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Should mom come home or go to assisted living?

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Old 03-02-2015, 10:10 AM   #1
Join Date: Dec 2014
Location: Union
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rab19551 HB User
Should mom come home or go to assisted living?

My mom has alzheimer's since 2009. She lives alone, close to 3 daughters. She doesn't take her meds, doesn't cook just eats pizza and drinks cokes. She went to the hospital last week by ambulance. Very confused, was very cold, didn't make sense when she talked. It took her several hours to come out of this. She is in rehab to get her meds straight and to eat right. She will be discharged tomorrow. She is now eating, making friends, taking her meds. She is happier than she has been in a long time. The sister who has POA wants her to come home with a caregiver that will come in for 2 hrs. in the morning and 2 hrs. in the evening. She will only be there for companionship, nothing else. No fixing of meals, no dispensing meds, etc. My sisters and I think this is the perfect time for assisted living. There are 2 places near us where she could go. They are very nice. Before the hospital visit last week, mom was very depressed, wasn't sleeping, and was very lonely. We don't know why our sister wants her to go home. It will be the same thing all over again with mom. This breaks our heart, we love mom so much.

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Old 03-02-2015, 02:06 PM   #2
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cejayb HB Usercejayb HB Usercejayb HB Usercejayb HB Usercejayb HB Usercejayb HB Usercejayb HB User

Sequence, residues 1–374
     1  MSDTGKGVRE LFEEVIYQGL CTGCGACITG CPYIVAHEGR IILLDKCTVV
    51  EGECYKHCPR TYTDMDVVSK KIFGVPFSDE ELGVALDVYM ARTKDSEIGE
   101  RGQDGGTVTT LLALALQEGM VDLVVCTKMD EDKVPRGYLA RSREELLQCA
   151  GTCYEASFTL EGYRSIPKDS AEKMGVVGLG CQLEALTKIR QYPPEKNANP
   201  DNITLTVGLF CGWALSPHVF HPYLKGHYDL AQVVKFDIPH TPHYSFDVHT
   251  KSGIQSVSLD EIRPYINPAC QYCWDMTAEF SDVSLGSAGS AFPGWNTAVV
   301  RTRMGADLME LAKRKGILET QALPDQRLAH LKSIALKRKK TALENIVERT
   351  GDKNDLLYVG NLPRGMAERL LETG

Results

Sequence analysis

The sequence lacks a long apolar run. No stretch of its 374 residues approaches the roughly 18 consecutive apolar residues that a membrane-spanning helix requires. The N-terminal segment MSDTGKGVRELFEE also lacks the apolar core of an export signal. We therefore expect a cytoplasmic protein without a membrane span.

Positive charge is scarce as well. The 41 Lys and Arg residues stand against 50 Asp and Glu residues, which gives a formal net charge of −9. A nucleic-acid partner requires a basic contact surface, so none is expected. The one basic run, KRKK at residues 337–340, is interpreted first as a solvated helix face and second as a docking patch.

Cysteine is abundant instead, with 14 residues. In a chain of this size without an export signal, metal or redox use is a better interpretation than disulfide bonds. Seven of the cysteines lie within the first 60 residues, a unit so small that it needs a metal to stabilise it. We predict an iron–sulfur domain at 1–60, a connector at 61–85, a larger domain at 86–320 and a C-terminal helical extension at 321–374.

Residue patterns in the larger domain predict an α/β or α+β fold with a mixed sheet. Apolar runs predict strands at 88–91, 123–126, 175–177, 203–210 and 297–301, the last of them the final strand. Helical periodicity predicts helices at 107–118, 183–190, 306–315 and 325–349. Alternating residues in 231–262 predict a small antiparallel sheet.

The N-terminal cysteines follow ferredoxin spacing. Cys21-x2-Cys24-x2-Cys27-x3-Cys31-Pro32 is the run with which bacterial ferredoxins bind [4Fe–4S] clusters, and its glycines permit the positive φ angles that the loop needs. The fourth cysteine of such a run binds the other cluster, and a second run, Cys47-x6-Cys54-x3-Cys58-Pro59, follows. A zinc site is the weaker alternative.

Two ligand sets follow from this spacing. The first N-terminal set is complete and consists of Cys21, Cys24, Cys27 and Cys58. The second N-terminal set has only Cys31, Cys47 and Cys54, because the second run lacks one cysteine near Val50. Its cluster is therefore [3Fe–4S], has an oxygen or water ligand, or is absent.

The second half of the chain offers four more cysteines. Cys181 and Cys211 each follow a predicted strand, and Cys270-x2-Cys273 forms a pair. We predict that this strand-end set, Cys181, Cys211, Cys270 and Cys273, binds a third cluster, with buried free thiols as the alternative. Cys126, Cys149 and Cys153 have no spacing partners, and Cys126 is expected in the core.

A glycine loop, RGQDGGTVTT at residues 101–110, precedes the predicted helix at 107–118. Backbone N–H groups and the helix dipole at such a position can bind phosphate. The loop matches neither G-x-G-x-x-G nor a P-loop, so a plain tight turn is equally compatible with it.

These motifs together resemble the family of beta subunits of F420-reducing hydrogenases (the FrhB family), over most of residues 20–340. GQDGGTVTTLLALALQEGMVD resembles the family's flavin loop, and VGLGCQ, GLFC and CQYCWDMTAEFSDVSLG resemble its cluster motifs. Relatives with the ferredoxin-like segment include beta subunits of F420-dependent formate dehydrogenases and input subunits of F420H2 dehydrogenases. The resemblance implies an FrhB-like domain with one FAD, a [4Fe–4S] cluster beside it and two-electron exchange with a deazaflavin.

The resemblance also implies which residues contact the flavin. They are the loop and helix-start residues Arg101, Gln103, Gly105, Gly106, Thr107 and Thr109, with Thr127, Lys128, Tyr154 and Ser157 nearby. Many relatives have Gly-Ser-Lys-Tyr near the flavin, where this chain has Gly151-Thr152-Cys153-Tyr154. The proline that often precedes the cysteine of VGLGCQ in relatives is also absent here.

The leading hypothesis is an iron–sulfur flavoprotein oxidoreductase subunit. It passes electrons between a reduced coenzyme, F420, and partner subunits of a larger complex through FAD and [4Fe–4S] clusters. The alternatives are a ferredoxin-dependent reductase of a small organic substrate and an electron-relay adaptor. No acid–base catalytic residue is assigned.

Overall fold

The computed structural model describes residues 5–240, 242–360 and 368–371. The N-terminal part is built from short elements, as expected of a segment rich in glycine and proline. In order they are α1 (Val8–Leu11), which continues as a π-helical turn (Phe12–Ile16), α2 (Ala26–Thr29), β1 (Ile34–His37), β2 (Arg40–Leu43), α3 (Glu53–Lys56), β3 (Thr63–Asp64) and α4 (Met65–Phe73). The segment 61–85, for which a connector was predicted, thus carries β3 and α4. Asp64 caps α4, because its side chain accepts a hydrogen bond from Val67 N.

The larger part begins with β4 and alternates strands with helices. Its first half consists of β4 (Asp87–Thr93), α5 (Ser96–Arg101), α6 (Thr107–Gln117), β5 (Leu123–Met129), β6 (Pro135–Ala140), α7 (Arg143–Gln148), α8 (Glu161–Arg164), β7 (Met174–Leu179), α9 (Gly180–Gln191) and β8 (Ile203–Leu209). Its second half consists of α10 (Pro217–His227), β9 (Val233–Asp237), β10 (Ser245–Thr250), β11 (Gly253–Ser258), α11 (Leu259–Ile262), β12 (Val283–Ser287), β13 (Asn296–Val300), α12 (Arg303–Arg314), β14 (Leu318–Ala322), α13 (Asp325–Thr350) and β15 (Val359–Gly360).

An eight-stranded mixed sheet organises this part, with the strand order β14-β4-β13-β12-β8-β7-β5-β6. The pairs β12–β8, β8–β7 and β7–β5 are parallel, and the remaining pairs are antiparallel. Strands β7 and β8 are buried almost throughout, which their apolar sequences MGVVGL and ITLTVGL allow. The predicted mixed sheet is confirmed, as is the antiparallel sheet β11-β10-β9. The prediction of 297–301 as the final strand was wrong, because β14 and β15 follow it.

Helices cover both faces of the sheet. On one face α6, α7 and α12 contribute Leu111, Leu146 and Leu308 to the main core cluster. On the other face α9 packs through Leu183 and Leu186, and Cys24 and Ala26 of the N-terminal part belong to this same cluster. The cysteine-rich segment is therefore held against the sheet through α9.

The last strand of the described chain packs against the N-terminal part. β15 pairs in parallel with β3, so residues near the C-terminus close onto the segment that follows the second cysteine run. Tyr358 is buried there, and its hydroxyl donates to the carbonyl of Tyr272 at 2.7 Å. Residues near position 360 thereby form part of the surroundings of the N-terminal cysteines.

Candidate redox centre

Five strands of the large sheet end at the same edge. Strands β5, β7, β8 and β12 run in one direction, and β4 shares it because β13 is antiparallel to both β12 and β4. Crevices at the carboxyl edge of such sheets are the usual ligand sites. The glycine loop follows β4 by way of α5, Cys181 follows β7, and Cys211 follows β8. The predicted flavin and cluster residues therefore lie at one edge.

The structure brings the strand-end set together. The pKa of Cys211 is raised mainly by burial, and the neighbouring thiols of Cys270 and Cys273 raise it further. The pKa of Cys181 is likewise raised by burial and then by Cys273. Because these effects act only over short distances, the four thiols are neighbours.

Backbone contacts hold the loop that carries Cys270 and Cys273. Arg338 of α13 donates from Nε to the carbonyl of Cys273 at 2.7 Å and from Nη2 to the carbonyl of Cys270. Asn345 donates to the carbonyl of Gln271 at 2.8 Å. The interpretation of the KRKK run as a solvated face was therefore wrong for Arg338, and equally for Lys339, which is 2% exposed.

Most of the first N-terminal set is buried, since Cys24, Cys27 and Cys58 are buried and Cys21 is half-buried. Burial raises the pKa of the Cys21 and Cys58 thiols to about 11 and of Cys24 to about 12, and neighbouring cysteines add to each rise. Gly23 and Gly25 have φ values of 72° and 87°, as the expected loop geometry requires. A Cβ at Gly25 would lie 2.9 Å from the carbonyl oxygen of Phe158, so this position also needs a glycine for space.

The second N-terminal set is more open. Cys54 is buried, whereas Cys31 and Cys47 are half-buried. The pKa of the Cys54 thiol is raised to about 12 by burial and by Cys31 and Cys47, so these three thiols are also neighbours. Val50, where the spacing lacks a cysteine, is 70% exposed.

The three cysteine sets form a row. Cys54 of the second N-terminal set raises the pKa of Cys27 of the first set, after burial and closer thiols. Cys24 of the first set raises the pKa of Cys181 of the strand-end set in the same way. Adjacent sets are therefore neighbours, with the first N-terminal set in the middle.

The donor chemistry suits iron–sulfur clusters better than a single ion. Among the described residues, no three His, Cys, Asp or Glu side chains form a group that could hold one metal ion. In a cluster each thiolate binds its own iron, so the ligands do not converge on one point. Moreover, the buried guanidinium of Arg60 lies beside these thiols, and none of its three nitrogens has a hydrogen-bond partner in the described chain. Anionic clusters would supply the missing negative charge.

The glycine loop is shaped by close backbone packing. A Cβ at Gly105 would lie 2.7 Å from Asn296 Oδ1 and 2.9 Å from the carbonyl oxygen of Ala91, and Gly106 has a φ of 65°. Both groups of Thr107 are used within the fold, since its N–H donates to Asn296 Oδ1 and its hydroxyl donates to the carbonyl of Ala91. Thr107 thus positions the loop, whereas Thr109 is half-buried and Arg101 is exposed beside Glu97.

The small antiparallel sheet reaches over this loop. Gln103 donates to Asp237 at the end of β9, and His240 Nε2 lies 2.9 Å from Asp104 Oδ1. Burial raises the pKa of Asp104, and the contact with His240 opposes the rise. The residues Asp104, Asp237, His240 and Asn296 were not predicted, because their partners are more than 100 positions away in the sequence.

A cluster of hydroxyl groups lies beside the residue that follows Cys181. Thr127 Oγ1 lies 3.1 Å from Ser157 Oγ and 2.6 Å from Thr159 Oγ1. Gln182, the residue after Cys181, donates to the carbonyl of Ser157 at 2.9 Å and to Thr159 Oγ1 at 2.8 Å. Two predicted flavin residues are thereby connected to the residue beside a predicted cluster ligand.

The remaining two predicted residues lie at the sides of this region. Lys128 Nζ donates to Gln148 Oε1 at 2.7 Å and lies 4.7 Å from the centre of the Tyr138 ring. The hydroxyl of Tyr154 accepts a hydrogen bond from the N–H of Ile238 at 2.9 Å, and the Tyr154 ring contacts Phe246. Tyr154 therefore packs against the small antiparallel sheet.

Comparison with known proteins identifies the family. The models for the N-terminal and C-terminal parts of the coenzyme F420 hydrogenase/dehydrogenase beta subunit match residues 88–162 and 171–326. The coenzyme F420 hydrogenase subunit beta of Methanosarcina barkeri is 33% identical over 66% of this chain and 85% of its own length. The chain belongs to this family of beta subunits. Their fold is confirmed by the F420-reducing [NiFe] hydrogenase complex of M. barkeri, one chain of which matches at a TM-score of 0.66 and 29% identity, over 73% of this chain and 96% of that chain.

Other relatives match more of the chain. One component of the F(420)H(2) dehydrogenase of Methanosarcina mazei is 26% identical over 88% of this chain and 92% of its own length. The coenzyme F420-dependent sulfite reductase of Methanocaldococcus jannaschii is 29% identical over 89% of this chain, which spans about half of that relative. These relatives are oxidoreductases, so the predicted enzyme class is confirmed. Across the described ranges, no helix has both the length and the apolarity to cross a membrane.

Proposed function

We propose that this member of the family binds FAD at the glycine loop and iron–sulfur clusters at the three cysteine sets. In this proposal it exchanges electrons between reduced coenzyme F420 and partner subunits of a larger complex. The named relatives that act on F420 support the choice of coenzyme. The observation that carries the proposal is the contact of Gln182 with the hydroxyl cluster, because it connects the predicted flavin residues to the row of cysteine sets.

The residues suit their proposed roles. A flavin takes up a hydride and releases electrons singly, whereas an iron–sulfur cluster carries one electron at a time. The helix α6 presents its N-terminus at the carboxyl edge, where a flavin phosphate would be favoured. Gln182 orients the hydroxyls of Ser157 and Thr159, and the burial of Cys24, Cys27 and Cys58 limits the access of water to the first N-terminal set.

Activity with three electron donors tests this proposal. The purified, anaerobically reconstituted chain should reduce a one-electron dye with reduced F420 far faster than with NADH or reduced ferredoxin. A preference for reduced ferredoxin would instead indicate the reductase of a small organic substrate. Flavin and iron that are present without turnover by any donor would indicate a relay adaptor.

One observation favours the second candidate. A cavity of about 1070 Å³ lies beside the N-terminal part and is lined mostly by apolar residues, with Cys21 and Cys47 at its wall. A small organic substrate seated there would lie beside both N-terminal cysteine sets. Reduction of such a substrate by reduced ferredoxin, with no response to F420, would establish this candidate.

Re: Should mom come home or go to assisted living?

I certainly cannot understand why you POA sister thinks that your mom should remain at home, especially when there are suitable places close by. Your mom needs company and full time care to ensure that she remains stable and you need the peace of mind of knowing that she is in a safe environment. Far better to take this step now than later when there is no option.

Old 03-02-2015, 11:41 PM   #3
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Re: Should mom come home or go to assisted living?

rab, there could be many reasons why your POA sister does not want Mom to go to assisted living. Have you ask her why? Is it because she thinks that Mom would be better at home? It is her own fear of denial that the disease has progressed to the point it has? Is it monetary concerns? Each has a different rebuttal. If you know why your POA sister thinks the way she does, you will then know what arguments to use to persuade her.